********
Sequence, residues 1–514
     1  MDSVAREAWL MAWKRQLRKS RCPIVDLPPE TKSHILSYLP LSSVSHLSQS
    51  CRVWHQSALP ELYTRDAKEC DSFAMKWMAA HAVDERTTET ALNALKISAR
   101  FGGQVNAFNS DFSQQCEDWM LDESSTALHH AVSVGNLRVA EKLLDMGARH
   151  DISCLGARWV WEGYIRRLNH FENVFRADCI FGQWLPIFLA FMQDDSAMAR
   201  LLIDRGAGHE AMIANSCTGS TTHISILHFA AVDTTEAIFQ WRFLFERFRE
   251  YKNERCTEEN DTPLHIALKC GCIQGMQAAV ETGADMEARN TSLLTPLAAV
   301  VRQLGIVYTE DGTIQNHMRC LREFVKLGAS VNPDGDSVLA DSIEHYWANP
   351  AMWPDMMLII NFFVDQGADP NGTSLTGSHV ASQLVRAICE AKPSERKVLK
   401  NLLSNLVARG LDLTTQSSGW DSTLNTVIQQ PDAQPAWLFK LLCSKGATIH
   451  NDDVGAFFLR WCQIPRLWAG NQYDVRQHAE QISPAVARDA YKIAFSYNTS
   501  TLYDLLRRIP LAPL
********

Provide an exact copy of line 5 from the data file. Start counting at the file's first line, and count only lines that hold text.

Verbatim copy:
   151  DISCLGARWV WEGYIRRLNH FENVFRADCI FGQWLPIFLA FMQDDSAMAR